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Probe into Indian family’s deaths takes Mounties to Toronto

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Manitoba RCMP officers investigating the deaths of an Indian family of four near the Canada-U.S. border have travelled to the Toronto area to pursue leads.

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Hey there, time traveller!
This article was published 02/02/2022 (365 days ago), so information in it may no longer be current.

Manitoba RCMP officers investigating the deaths of an Indian family of four near the Canada-U.S. border have travelled to the Toronto area to pursue leads.

Police have received about a dozen tips since senior officers made a public appeal last Thursday to help them track the final movements of the Patel family.

Parents Jagdish Patel, 39, and Vaishaliben Patel, 37, their 11-year-old daughter, Vihangi, and three-year-old son, Dharmik, froze to death in a field near Emerson as they tried to walk into the U.S. in a -35 C blizzard at night.

Jagdish Patel, wife Vaishali, daughter Vihanga and son Dharmik froze to death as they tried to walk into the U.S. in a -35 C blizzard at night. (Photo courtesy of Amrut Patel)

Their bodies were found Jan. 19 after seven undocumented Indian nationals were detained by U.S. border patrol agents just over the boundary near St. Vincent, Minn.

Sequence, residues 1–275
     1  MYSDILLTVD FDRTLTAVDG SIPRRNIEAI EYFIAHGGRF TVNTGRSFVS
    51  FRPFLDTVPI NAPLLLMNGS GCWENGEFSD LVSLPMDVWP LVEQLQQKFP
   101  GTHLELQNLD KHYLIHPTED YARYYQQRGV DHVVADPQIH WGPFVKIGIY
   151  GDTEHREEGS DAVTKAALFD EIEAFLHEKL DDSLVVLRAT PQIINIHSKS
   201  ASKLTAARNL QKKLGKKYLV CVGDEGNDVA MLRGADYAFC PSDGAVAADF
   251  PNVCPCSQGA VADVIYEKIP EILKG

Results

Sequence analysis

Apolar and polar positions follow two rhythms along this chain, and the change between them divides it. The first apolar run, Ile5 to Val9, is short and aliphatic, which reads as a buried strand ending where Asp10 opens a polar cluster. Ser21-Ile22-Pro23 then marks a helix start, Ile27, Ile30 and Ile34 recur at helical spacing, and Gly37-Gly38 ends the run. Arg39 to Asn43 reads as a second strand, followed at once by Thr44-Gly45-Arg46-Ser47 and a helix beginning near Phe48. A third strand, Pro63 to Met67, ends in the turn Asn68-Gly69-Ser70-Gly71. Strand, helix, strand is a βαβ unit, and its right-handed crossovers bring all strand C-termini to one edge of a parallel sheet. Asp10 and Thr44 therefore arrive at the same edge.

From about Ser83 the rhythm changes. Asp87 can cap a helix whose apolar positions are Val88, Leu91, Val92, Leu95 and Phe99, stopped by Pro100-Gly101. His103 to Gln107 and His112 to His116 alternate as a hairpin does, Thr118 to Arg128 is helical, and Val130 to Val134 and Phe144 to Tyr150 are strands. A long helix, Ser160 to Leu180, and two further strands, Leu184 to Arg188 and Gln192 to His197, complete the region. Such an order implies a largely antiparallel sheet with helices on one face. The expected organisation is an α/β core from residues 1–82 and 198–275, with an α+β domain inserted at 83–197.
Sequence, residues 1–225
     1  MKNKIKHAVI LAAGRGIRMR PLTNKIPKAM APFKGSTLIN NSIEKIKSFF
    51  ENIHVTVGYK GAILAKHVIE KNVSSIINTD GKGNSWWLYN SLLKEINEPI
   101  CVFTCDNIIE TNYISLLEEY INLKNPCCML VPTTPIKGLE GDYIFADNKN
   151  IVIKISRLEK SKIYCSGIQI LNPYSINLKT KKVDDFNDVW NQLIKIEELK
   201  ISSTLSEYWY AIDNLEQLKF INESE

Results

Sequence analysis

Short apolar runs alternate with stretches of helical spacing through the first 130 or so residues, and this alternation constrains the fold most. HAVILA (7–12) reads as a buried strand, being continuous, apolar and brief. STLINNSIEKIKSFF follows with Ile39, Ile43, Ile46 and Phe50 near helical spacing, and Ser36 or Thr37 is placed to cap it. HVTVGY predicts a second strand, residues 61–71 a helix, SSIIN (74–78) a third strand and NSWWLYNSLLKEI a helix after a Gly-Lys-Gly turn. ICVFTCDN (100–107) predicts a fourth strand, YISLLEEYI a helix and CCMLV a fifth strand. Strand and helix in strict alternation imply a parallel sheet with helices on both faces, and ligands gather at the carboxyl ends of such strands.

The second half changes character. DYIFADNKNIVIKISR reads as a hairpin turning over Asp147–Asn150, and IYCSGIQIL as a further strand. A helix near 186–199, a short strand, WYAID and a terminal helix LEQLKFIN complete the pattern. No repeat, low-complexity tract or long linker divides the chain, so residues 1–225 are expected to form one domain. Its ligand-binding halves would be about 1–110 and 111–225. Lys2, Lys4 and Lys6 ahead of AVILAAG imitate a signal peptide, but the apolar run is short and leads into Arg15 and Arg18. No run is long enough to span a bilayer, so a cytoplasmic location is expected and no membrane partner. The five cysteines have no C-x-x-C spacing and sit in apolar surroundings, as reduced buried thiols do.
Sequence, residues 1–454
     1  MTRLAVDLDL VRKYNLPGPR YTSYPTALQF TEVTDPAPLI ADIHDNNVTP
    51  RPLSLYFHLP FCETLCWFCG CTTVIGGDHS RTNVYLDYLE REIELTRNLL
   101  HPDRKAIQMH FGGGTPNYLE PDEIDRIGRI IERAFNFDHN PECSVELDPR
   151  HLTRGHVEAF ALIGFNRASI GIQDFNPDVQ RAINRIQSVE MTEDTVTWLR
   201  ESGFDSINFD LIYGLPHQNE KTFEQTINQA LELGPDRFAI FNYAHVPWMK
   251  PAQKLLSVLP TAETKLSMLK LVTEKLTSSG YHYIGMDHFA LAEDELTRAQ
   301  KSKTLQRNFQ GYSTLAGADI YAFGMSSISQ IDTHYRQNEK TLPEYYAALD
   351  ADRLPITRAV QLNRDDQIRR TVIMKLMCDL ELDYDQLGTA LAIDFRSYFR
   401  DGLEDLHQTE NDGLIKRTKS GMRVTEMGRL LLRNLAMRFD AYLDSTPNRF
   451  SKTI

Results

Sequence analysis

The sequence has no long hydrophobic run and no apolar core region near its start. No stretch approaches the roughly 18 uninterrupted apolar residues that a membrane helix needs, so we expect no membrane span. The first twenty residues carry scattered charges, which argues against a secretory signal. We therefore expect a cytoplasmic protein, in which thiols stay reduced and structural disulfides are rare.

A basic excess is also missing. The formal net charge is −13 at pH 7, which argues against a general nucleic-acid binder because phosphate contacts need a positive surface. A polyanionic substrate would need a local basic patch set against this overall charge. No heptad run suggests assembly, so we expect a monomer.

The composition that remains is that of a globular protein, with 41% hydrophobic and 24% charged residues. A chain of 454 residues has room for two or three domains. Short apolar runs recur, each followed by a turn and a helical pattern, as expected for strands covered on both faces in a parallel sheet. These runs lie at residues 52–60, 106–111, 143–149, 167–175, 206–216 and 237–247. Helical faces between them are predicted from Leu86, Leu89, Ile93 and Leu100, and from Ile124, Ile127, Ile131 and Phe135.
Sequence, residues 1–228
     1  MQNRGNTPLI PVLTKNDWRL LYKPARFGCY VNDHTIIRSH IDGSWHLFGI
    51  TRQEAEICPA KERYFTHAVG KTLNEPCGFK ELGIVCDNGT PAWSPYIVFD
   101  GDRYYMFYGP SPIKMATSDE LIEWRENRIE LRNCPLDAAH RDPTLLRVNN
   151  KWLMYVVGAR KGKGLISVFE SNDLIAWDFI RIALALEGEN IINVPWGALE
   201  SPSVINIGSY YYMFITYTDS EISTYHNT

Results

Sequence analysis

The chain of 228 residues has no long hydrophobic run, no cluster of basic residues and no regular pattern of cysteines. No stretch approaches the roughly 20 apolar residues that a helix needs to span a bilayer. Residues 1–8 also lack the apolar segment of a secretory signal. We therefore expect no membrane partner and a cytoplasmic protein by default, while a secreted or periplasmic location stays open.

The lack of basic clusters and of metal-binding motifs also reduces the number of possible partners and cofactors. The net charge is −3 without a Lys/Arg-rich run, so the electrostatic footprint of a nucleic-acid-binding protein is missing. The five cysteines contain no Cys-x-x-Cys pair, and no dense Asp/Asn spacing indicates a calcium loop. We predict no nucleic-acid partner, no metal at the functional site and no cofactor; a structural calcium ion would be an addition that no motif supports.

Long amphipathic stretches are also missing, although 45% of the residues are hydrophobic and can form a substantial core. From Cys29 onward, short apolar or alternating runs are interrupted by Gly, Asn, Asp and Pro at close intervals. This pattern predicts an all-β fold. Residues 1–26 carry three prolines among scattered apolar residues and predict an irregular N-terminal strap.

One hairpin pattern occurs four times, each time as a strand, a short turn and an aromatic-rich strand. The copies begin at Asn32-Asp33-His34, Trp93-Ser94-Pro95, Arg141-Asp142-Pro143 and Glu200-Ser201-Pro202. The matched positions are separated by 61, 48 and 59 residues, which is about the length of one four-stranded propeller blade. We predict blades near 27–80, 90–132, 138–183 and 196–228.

RCMP spokeswoman Cpl. Julie Courchaine said officers continue to investigate how the family travelled to the Emerson area after arriving in Toronto on Jan. 12.

They made their way to the border area on or about Jan. 18. Police believe they were dropped off as part of a human smuggling operation, which is being investigated by authorities in Canada, the U.S. and India.

A vehicle was not found at the drop-off site just north of the border.

“We have received approximately 12 tips regarding the Patel family’s movements in Canada,” Courchaine wrote in an email. “Currently, we have investigators that travelled from Manitoba to the Toronto area as part of the investigation.”

Last week, police said hotel, gas station or restaurant workers may have spoken to or seen the Patels during their time in Canada.

They were from the village of Dingucha in the Indian state of Gujarat.

Family friend Amrut Patel said Jagdish Patel had told relatives he obtained visitor visas to enter Canada.

Relatives lost contact with him shortly before his family attempted the illegal crossing on foot.

A border marker is shown just outside of Emerson where the bodies of the Patels were found. (John Woods / The Canadian Press files)

The U.S. has started deportation proceedings against the seven Indian nationals who survived the perilous crossing. One told U.S. border patrol they had walked for more than 11 hours, a court affidavit stated.

In the U.S., Steve Shand, 47, of Florida, has been charged with transporting or attempting to transport illegal aliens. He was released from custody last week.

It was his job to pick up the 11 Indians on a rural road just over the border in Minnesota, the affidavit claimed.

Anyone with information about the Patel family’s movements is asked to call a tip line at 431-489-8551 or Crime Stoppers anonymously at 1-800-222-8477.

chris.kitching@freepress.mb.ca

Twitter: @chriskitching

Chris Kitching
Reporter

As a general assignment reporter, Chris covers a little bit of everything for the Free Press.

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